The Affordable College Compact: A Federal-State Partnership to Increase State Investment and Return to Debt-Free Public Higher Education

Source: Mark Huelsman, Dēmos, September 2014

From the summary:
As a postsecondary degree has become more important than ever in the labor market, and the primary means by which one enters the middle class, the U.S. has simultaneously made it more difficult and more expensive to attain. Over the course of three decades, the cost of public colleges and universities—which educated nearly 3 in 4 students—has risen dramatically. The obvious result of increased cost during a period of stagnant incomes for low-income and middle-class families has been an increased reliance on debt as a way to finance a college education. Just 25 years ago, if a student wanted to attain a bachelor’s degree, it was more likely than not that he or she would be able to do so without borrowing. Now, borrowing is nearly required to graduate with a four-year degree, particularly for low- and middle-income students.

A bachelor’s recipient has a 7-in-10 chance of taking on loans in order to graduate, and 9-in-10 Pell Grant recipients graduate with debt. Average debt at graduation is approaching $30,000 (and is over $30,000 for Pell Grant recipients). Even average borrowing for graduates at public schools—which educate three in four students—is up by nearly a third over the past decade. 64% of bachelor’s degree recipients at public colleges graduate with debt, and even 42% of associate’s degree holders from public schools leave with debt. Black and Hispanic graduates also incur more debt than their white counterparts.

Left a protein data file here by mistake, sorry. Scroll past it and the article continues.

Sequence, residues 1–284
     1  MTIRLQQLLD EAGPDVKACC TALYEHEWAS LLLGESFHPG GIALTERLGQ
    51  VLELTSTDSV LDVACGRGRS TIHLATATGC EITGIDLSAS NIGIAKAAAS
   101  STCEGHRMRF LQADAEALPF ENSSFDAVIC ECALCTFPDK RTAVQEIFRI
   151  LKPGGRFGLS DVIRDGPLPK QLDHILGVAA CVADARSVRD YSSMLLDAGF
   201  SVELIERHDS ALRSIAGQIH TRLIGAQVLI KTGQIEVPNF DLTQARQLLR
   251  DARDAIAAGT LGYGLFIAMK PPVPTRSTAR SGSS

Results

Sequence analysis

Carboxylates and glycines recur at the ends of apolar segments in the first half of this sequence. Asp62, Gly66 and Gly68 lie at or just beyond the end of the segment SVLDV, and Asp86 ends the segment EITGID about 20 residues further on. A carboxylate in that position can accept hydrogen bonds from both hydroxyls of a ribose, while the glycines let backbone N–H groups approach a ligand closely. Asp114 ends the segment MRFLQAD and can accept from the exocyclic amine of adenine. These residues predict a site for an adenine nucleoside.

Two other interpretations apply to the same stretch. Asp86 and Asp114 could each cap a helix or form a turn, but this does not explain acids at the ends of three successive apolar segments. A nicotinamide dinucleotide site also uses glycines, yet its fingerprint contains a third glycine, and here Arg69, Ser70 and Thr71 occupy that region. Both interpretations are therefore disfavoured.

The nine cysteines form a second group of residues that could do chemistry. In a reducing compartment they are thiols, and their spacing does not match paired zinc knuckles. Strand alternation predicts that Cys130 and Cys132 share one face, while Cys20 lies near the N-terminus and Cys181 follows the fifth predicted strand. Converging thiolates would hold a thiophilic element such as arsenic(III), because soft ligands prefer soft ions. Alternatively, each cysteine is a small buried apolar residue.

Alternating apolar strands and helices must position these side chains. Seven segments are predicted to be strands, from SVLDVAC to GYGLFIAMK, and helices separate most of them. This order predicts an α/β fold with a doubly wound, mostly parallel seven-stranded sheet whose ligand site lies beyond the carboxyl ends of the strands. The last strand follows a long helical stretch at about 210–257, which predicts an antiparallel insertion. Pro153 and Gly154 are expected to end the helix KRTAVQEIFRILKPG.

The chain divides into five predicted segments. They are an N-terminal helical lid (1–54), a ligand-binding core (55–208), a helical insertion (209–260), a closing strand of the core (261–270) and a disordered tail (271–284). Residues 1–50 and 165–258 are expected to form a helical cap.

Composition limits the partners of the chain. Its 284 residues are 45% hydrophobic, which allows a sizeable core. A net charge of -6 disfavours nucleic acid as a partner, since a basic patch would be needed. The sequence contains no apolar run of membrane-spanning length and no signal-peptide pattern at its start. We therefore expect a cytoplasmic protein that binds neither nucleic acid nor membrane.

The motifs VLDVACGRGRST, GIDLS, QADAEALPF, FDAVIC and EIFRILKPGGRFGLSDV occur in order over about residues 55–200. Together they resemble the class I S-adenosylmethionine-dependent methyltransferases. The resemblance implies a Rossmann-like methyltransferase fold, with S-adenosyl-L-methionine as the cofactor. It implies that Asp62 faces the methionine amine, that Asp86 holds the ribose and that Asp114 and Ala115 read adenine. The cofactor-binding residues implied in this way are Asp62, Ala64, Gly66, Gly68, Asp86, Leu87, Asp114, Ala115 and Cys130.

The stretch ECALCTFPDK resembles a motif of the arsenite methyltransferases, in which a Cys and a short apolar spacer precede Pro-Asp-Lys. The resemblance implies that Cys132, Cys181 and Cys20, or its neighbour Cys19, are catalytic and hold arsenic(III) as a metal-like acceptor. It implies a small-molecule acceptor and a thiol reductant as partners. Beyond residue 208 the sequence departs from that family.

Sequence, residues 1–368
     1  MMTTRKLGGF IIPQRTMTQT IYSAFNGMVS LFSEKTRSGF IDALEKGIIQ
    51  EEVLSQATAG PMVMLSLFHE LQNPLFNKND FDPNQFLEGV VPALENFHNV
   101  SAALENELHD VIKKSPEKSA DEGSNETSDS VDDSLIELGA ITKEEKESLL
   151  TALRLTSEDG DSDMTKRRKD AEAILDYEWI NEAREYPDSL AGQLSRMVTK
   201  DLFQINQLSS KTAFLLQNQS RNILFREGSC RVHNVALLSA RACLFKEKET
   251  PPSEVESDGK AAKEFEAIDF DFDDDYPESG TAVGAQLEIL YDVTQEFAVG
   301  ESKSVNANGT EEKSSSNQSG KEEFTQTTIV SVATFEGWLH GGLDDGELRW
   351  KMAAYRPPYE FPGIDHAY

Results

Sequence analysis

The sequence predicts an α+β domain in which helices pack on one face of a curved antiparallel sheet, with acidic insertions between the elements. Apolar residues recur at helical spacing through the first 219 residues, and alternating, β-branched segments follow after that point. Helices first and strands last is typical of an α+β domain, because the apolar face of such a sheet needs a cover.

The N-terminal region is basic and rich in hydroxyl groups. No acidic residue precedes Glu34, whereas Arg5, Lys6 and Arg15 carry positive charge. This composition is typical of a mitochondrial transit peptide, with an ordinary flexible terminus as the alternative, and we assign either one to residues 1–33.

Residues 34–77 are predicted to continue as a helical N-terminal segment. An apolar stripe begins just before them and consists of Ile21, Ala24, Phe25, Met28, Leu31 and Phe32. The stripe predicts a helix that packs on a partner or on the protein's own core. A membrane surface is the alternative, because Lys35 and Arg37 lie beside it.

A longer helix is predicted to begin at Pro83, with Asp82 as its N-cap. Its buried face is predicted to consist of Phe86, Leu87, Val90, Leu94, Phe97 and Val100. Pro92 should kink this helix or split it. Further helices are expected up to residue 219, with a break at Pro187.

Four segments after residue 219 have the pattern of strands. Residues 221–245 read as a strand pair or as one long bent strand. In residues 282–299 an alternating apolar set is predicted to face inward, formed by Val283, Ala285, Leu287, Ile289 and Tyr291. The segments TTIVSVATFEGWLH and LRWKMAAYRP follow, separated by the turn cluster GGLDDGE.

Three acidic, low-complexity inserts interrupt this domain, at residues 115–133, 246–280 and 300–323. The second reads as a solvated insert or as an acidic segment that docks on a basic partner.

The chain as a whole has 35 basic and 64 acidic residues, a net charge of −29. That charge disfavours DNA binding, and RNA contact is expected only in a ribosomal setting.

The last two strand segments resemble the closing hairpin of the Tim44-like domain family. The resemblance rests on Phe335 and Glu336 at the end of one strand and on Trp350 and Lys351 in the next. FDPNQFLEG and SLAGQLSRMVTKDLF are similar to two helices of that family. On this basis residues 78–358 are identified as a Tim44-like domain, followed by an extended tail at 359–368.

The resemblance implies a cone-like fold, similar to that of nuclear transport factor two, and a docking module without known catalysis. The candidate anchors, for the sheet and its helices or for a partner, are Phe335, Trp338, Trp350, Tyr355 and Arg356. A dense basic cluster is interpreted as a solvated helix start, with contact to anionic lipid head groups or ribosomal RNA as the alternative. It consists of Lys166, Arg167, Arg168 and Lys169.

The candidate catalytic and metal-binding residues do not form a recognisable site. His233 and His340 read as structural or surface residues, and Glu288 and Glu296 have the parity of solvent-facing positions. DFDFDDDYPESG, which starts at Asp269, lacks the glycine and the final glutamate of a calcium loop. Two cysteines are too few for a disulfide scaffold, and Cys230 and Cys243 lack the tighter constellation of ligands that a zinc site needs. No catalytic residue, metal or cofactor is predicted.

What’s worse, these students may be the best off. Those with credentials are likely to be the best suited to handle student debt, but almost a third—29%—of student borrowers drop out of school, and non-graduates are more likely to face serious trouble repaying loans, becoming delinquent, or defaulting4 Students who choose not to take on debt are faced with the choice of working longer hours or enrolling part-time, both of which may decrease the likelihood of graduating.

Reversing these trends matters not just for our economy, but for notions of equity as well. The specter of student debt has the ability to fundamentally change student aspirations, and also raises the stakes of failure with regard to college completion—the rates of which have barely increased just as college costs and debt levels have increased….